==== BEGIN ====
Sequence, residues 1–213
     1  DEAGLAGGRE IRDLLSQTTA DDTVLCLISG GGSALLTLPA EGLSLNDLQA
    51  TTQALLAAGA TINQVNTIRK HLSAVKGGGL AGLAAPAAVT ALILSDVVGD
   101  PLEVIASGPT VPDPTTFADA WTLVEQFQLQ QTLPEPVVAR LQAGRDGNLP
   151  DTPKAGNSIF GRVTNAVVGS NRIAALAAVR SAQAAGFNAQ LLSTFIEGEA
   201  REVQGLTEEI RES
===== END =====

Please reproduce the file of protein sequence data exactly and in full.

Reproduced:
Sequence, residues 1–213
     1  DEAGLAGGRE IRDLLSQTTA DDTVLCLISG GGSALLTLPA EGLSLNDLQA
    51  TTQALLAAGA TINQVNTIRK HLSAVKGGGL AGLAAPAAVT ALILSDVVGD
   101  PLEVIASGPT VPDPTTFADA WTLVEQFQLQ QTLPEPVVAR LQAGRDGNLP
   151  DTPKAGNSIF GRVTNAVVGS NRIAALAAVR SAQAAGFNAQ LLSTFIEGEA
   201  REVQGLTEEI RES